The Constituent Assembly did not think of the UCC as the imposition of majoritarian laws or even an amalgamation of all personal laws. UCC was mooted by the member of the Constituent Assembly Minoo Masani as a progressive law based on the concepts of freedom, equality and human dignity. After some debate, UCC was included as a non-justiciable obligation of the State under the Directive Principles of the State Policy under Part IV of the Constitution in Art 44.

The Constitution makers didn’t want to make UCC a state’s responsibility but at the same time, they didn’t want to accept the argument that UCC should be voluntary.

The impact of UCC on freedom of religion guaranteed under Art 25 (1) was considered by the Constitution makers and finally, they thought that UCC constitutionally fits into the exception carved out in Art 25(2)(a) which enables the competent legislature to enact a law to promote “secular activities” to regulate freedom of religion. 

At present, our personal laws are precedents and laws made by the legislature. From 1773 onwards, when the then governor General Warren Hasting issued a historic decree, the personal laws were developed by the judiciary on a case-to-case basis. The body of precedents constitutes unwritten laws for Hindus, Muslims and others. Unlike in the development of laws of contract, property and torts, the judges don’t directly apply principles of justice and good conscience. They are applied if there is no proof of custom.  While developing the personal laws judges went by the evidence of religious scriptures and customs. If the laws declared by judges appeared unjust, it was open to the legislatures to intervene. The legislatures in India have indeed intervened several times beginning from the 19th century.

Whenever the legislature thought that the public interest required its intervention to cure the injustice, it intervened. Way back in 1850, the Caste Disabilities Removal Act was enacted. In 1939, the Dissolution of Muslim Marriage Act was passed.  After independence, the Hindu Marriage Act was passed in 1955.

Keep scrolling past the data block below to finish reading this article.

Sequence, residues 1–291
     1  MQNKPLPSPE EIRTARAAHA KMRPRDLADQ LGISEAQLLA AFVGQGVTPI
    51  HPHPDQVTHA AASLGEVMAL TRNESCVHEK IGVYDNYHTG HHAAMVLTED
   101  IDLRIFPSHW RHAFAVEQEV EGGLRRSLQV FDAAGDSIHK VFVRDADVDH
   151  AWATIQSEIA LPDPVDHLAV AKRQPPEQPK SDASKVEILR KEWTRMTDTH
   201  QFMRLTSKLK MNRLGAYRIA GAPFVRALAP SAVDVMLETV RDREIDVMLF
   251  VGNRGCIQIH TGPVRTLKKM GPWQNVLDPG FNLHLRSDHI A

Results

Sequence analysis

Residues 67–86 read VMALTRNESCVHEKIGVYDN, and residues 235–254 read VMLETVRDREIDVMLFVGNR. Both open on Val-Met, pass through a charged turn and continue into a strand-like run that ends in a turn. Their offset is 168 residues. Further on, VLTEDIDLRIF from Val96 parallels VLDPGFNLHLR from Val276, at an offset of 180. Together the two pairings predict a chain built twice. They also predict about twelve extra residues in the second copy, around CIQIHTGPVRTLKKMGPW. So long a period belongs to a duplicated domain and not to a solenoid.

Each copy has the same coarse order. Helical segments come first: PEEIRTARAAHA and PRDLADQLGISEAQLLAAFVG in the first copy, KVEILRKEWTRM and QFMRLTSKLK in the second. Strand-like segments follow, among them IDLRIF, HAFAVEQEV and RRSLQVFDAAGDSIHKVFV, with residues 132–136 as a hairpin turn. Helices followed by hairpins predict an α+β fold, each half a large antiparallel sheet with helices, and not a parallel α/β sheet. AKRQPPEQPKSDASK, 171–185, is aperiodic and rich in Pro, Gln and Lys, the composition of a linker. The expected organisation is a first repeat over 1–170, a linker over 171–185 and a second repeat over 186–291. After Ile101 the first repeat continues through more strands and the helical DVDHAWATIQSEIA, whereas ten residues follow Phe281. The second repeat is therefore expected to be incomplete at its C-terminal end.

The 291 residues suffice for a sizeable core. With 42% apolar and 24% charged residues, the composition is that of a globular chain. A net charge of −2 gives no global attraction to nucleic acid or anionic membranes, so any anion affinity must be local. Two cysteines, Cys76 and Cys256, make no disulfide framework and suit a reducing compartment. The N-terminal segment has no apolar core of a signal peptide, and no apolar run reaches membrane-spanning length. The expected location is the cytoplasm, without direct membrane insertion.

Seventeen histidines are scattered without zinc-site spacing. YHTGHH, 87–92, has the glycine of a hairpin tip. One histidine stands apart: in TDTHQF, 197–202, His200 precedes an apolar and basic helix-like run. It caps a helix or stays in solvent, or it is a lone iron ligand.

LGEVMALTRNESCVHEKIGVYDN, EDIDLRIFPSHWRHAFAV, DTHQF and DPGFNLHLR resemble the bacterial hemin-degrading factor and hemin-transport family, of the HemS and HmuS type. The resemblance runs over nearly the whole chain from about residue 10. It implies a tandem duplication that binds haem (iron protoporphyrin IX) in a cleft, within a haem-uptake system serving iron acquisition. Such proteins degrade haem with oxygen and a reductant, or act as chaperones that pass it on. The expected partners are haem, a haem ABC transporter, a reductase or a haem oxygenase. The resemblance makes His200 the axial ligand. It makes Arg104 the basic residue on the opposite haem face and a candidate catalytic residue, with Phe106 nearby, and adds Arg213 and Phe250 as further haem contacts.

The enactment of UCC based on liberal ideas of justice would bring sea changes in how Indians marry and dissolve marriages, how they pass on property to their successors, how they shoulder the responsibilities of minor children, and how they devise pre-nuptial agreements. The individuals of same sex may marry. The marriage becomes a contract that can be terminated at will like any other contract. The separated spouse will become entitled to an equal share in the property earned during the subsistence of marriage. The children will be treated equally irrespective of sex for succession. Many more such rights will follow.

The Supreme Court in Mohammad Ahmad Khan vs Shah Bano in 1985 regretted that Art 44 has become a “dead letter”.  Even after decades, the UCC remains a proposal mired in political controversy. It is caught in the crossfire between Hindu and Muslim hardliners. I hope, UCC will be implemented in true spirit soon.

6.     Do you think that the vilification of the Muslim community and the resultant Islamophobia in India is West-centric thinking?

        The word islamophobia has its origin in French. It has many connotations. I wish to view it from a wider perspective.